And here he is, perched on top of my special amigurumi stash box.



This one I took on Saturday morning. Lucas saw me sorting my amigurumi things, and volunteered to stuff the unfinished cat. I'm so glad to have my little helper around!


Here's my boy again, and Zen chilling out on the pillow.


That's not a dark cloud over his head.


Zen and the art of being idle.

Thursday, 8 March 2007

in need of comfort

I've been off work for almost two weeks now. I've developed SPD (symphysis pubis dysfunction), a condition in which my pelvic joints have separated. Things I used to do without a thought, like climbing up the stairs, walking and getting dressed, are now terribly painful. I was fitted with a support belt yesterday, an ugly thick band with three Velcro straps that sting my skin so I have to wear it over my clothes. This morning it took me forty minutes to walk a mile to the doctors' surgery for a checkup, and even longer to get back. I could only stare enviously at the old man walking sprightly just in front of me. Ah well. As my friend Kate said, 'Roll on, May!' I just can't wait until Bump comes out and the pressure on my poor old hips eases off.

Anyway, I've had a few things to give me some comfort over the past few weeks. Sadly, I haven't been able to bake anything as I can't stand for more than a few minutes at a time. I managed to cook a decent beef sinigang (tamarind soup) the other night, which Simon and Lucas thoroughly enjoyed. ('This is my favourite dinner!' Lucas said to us. I should let my mother know that, as it would make her heart swell to know that her 'Western' grandson appreciates his Filipino roots.) That's about it in the cooking department though. I can't wait until I'm well enough to spend a long time in the kitchen. I've amassed a lot of really nice recipes from the Internet and the magazines I bought to keep me company.


But I digress. Here's my list of comfort stuff:


1. Comfort food


Yummy chocolates. Yesterday on the way back from my physiotherapy appointment, I went to our local M&S and bought teacakes (the things covered in purple foil in the picture). They are absolutely delicious, these M&S teacakes. I've always been fond of teacakes. In the Philippines, there's only one chocolate manufacturer that makes them, and we don't call them teacakes. They are known by a less fancy name—chocomallows. I can't remember not ever liking these chocolates, and when I learned to make my own chocolates, they were among the first ones I made. They became a big hit among my customers too.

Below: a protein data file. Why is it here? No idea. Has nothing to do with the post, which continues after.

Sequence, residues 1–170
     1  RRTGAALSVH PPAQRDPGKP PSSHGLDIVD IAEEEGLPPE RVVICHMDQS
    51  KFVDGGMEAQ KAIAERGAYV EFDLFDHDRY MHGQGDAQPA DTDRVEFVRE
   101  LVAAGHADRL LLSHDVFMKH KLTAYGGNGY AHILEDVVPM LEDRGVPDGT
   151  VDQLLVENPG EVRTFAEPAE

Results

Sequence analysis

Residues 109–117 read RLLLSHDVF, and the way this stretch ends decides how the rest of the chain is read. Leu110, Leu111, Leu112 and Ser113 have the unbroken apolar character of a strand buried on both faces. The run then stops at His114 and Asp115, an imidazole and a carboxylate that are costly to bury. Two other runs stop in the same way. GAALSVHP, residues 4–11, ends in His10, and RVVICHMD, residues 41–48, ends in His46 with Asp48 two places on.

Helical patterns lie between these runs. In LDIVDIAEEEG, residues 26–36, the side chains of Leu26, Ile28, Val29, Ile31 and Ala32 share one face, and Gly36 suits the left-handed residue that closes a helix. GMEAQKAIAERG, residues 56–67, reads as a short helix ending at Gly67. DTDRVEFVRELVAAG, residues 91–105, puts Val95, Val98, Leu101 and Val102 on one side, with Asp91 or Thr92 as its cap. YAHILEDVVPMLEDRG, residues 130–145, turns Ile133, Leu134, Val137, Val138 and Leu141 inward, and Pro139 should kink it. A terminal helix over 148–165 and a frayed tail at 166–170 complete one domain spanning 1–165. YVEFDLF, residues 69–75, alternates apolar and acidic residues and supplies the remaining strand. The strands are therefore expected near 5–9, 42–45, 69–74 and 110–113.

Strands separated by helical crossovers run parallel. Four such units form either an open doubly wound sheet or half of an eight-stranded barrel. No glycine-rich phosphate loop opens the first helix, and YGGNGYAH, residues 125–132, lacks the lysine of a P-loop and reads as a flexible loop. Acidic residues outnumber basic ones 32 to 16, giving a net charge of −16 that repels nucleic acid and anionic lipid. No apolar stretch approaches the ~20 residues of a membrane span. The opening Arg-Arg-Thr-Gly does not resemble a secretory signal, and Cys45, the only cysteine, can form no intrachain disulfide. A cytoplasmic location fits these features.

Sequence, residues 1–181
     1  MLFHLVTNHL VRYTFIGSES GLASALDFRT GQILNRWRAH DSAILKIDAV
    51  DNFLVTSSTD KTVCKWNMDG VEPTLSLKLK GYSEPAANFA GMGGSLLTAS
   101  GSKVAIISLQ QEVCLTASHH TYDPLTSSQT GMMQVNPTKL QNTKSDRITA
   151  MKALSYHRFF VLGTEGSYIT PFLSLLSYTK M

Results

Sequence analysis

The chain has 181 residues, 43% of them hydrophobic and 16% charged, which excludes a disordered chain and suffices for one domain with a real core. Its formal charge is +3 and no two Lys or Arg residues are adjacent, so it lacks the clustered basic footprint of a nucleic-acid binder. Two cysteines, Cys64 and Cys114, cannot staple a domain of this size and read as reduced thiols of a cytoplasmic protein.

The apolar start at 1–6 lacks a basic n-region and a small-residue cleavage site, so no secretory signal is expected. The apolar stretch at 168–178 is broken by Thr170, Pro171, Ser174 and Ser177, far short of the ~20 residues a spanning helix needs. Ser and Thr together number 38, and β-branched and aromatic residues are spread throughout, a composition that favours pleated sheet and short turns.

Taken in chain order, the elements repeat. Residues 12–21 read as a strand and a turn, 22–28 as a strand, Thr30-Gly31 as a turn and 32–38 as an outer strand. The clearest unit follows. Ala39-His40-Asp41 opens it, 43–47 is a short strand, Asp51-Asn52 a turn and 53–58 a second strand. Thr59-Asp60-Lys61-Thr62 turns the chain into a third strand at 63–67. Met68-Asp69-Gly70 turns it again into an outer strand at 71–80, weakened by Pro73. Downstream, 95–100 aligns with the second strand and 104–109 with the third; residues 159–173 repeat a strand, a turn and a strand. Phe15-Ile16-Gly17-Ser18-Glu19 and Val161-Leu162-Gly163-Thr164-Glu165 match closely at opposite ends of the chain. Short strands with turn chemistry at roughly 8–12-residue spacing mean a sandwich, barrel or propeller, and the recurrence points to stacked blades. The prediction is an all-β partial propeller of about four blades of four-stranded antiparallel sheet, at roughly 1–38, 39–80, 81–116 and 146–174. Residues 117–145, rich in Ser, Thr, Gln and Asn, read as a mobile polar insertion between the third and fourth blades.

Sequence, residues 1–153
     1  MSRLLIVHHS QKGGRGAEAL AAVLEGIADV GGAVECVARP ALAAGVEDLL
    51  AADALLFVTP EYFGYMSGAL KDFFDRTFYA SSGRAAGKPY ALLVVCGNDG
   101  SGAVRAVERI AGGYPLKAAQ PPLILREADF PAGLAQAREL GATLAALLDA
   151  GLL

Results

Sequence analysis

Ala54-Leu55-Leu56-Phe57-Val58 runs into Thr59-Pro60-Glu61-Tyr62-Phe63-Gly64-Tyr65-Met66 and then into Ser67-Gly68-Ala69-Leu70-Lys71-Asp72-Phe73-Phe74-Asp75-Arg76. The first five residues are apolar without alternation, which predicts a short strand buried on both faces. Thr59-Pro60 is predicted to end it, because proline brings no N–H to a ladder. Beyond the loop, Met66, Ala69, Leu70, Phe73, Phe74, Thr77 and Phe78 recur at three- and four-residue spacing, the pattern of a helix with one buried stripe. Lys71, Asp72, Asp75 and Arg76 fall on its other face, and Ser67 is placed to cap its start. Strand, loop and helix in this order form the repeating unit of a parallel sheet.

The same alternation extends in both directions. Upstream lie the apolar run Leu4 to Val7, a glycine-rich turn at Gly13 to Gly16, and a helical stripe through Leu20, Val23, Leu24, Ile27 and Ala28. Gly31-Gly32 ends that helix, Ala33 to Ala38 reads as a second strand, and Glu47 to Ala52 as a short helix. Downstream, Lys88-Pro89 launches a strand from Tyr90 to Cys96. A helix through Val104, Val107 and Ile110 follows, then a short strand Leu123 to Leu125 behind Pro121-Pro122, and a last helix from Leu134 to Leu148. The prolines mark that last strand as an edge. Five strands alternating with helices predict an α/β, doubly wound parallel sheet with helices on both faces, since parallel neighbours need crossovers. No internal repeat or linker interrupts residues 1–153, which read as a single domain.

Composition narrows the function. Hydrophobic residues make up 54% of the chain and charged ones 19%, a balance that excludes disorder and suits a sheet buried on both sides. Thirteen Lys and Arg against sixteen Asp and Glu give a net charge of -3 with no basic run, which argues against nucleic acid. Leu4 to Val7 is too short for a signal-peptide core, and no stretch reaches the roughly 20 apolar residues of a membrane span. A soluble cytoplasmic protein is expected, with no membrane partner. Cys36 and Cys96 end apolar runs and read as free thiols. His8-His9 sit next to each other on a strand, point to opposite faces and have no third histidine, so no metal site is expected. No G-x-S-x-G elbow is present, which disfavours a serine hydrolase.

I also bought two types of Cadbury Dairy Milk Melts. I haven't tried them yet, but they look promising. When Simon came home last night, he gave me a bar of Green & Black's Maya Gold, and it was divine. Speaking of 'divine', Simon and I have a certain fondness for Divine chocolates as well. Mine is due to the fact that it's a fair trade brand, and Simon's is because their dark chocolate is very nice. I bought bags of their chocolate coins for Christmas, which were quickly gobbled up by my two boys.



I also bought and ate a big pack of Tyrrell's potato chips yesterday. I must say these are the best potato chips I have ever tasted! I first heard of Tyrrell's when its owner, Will Chase, raised a ruckus after Tesco's started selling his chips without asking his permission. He asked them to stop selling his products at once, and Tesco's had no choice but to comply. I immediately took a liking to him and his regard for the high quality and good reputation of his chips. He certainly has every right to be a snob about his products. These chips are so heavenly and addictive (and surprisingly, not that much more expensive than the more popular brands) I managed to eat a whole bag in three sessions.

2. Comfort reading

Good books always make good company. Need I say more?

Four from the library

And from my own collection, two books by two of my favourite artists

3. Comfort crochet

This is Zen, my blissful amineko, just waiting for his arms and tail to be attached



and his faceless, unnamed brother, with a duck friend (also faceless and nameless) and a pack of M&S shortbread fingers, which make a great midnight snack.

4. Comfort music

Simon gave me a micro hi-fi system for Christmas, which he installed in the spare room where I've been spending most of my time these days. I've been playing Vivaldi (for Bump), Cocteau Twins (because even after all these years, I still love them), Antony and the Johnsons, and 10,000 Maniacs (another old favourite, Natalie Merchant being one of the people I admire most in the whole world).